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Black ink at last for the thrifts.

Black ink at last for the thrifts

IN THE MARCH QUARTER OF 1991, for the first time in four years, the private-sector portion of the savings and loan industry - those companies not in the hands of the government - showed a profit, aggregating $627 million. In addition, the number of private-sector thrifts, which includes both savings banks and savings and loans, showing a profit rose to 1,936, or 85 percent of the group, from 1,808 or 72 percent in December 1989, and 1,769 or 76 percent in December 1990.

While there are seasonal factors in thrift earnings - the incidence of loan loss reserving is often heaviest at year-end - the improvement in industry earnings in the most recent quarter has been substantial. It has reflected a drop in loss provisioning from $1.7 billion in the December 1990 quarter to $1.1 billion in March 1991, the taking over of money-losing companies by the government, and a substantial improvement in net interest income as deposit and borrowing costs have declined faster than interest income for many thrifts.

Obviously, the March 1991 data are still tentative and the data from the June quarter will not be reported until the end of September. The Office of Thrift Supervision (OTS) has a nasty habit of revising income for a period downward in subsequent releases as laggard associations file, or correct, their regulatory reports or as examiners carve out more loss reserves from their beleaguered charges. In addition, the OTS changed its reporting form in March 1990, temporarily causing confusion and errors in the preparation of the numbers by managers. The fourth quarter 1990 loss originally was reported at $965 million, but the OTS later revised it to $1,488 million. We reckon that the revision only adds emphasis to the profit improvement shown this year.

Let's take the earnings figures for what they purport to show and draw some conclusions about where the industry is going.

1. DURING THE LAST 18 MONTHS, the number of savings and loans not in government hands has fallen 12 percent, from 2,597 to 2,283. Assets of these companies have declined from $1,159 billion to $971 billion, or by 16 percent. While the number of companies has dropped, the number of "dead" savings and loans (those in what the OTS classifies as Group Four, the lowest quality) has declined even faster, from 377 in December 1989 to 164 in March 1991. The assets of these companies have come down from $261 billion to $102 billion.

In fact, conditions have improved to the point where the OTS has begun to categorize Group Three companies (the next least healthy group of savings and loans) into good, indifferent, and bad. Assuming that the 61 "bad" companies in Group Three ultimately are candidates for interment, we now appear to have a fairly good handle on the future size of the industry - say about 2,050 companies. Obviously, this number could dwindle because of mergers and acquisitions.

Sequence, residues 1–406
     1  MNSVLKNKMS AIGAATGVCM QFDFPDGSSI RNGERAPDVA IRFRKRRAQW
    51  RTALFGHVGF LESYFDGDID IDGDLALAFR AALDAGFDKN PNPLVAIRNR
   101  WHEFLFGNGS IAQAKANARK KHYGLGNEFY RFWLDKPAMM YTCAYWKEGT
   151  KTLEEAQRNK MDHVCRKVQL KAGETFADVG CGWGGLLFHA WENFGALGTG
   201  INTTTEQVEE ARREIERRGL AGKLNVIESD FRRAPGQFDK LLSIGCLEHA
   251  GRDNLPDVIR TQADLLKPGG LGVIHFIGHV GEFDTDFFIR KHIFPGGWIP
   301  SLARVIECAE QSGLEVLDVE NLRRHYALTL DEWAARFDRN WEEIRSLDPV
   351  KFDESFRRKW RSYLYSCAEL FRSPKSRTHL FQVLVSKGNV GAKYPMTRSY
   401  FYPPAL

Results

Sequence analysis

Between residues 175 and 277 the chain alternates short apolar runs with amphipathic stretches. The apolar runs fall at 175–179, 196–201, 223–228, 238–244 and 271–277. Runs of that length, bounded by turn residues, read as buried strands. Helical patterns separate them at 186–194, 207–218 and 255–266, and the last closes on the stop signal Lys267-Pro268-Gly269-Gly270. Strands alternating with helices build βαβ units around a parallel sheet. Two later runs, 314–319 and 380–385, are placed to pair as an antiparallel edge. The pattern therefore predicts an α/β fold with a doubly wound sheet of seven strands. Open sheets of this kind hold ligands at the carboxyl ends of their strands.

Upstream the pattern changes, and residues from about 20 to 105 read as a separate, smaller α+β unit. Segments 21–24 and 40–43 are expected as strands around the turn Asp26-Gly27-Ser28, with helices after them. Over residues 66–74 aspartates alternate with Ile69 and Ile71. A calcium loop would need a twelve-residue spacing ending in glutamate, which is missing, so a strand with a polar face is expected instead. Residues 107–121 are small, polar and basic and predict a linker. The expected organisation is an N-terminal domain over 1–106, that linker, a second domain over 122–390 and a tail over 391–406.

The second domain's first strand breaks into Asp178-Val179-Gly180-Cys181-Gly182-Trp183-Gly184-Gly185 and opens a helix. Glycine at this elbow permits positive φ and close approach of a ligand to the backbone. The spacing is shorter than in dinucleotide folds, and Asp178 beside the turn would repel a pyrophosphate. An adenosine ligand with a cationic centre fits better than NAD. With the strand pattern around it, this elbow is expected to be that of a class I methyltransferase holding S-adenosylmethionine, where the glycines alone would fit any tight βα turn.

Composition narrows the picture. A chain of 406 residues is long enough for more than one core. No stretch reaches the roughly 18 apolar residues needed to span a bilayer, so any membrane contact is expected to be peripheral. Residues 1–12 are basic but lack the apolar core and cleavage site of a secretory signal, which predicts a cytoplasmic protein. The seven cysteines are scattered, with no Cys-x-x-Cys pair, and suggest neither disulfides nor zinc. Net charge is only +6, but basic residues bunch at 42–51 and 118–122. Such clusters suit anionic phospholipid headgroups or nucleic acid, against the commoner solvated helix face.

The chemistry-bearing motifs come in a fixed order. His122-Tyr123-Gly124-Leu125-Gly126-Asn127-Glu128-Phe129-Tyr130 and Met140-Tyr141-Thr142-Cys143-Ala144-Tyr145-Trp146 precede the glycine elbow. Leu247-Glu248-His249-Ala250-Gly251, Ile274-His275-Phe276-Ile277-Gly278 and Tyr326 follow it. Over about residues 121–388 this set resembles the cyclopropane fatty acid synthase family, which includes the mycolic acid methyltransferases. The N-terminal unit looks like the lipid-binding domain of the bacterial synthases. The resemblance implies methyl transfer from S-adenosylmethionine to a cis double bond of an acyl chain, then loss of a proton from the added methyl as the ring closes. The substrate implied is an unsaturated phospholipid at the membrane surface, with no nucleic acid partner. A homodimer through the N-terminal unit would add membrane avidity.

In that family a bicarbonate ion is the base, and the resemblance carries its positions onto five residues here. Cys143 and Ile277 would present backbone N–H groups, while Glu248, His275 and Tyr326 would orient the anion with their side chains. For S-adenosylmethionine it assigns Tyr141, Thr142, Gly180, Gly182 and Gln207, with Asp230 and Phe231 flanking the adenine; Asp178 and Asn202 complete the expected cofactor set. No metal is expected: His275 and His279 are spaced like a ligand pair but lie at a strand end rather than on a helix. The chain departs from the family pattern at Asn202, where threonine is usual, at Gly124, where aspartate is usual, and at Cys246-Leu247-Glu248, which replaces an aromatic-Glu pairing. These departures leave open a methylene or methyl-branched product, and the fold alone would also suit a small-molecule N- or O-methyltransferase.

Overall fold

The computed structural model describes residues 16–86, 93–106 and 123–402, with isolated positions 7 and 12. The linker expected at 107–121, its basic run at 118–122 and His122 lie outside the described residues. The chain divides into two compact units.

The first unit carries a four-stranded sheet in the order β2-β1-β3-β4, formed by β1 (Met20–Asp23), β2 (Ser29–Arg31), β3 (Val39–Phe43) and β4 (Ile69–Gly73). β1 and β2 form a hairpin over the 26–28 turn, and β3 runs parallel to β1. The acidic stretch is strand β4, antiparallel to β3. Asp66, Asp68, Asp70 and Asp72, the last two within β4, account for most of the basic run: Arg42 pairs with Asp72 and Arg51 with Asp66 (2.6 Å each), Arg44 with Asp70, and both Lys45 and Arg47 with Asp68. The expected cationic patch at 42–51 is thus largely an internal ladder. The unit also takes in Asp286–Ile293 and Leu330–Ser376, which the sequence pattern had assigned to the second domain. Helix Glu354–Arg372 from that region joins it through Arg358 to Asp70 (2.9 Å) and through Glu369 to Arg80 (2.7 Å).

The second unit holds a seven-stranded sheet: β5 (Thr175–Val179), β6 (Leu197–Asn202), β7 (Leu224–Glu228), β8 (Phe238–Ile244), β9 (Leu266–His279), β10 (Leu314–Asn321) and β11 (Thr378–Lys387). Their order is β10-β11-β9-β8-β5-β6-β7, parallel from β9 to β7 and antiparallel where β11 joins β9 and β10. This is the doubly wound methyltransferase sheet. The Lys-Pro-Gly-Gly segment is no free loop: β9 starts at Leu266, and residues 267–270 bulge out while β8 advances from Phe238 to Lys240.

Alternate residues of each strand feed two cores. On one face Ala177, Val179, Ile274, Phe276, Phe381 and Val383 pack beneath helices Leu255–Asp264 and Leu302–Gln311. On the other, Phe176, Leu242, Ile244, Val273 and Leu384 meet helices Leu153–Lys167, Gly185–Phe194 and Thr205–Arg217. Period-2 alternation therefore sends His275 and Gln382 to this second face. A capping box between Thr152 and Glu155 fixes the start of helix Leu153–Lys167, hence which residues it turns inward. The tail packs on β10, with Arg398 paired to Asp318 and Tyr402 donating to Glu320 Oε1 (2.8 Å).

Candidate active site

2. THE PROFITABILITY OF COMPANIES in Group One is being well maintained and that of Group Two actually has increased during the last 12 months. In each case, the ratio of tangible capital to tangible assets seems adequate, at 6.6 percent for Group One and 5 percent for Group Two. The latter, incidentally, has moved up from 4 percent at midyear 1990.

In contrast, Group Three still is operating at a loss ($210 million in the March 1991 quarter). Its tangible capital ratio, however, has climbed to 2.5 percent (regulations call for 1.5 percent) and the probable burial of the "bad" component of Group Three companies should increase this number considerably.

We believe that the private sector of the savings and loan industry will continue to show a profit in future quarters and that such profit will grow, assuming that the Resolution Trust Corporation continues to bury the dead (some say "shoot the wounded"), that interest rates behave, and that the economy does not slide back into recession.

The aggregate industry return on equity, however, remains unsatisfactory, and there is little margin for error by managers. Capital requirements are increasing, partly because of the increments in tangible and risk-based capital called for under the Financial Institutions Reform, Recovery, and Enforcement Act (FIRREA, or the Bush Plan), and partly because of the new core capital requirements under which most savings and loans will have to show a core capital ratio of between 4 and 5 percent of assets (as against the former 3 percent). Nor should we forget the punitive instincts of savings and loan examiners, whose passion for requiring the setting up of loan loss reserves is likely to be rekindled if the economy turns down.

3. A NUMBER OF OBSERVERS HAVE pretty well written down or off the future role that thrifts will play in the financial structure of the United States. Their thinking is that thrifts will be taken over by commercial banks and that the punitive terms of FIRREA have doomed thrifts to a profitless future. Their thinking also takes into account what some feel is a hostile attitude in Congress.

To date, most of the savings and loans taken over by banks have been wards of the RTC - in other words, dead. Even though some bank acquirers have asset quality and capital problems of their own, the attraction of being able to leave assets of dubious quality with the government while scooping up deposits has proved to be strong. It remains to be seen whether the taking over of healthy and increasingly profitable thrifts will be as easy, or as attractive to buyers, as the RTC-variety of dead savings and loan acquisition has been to date.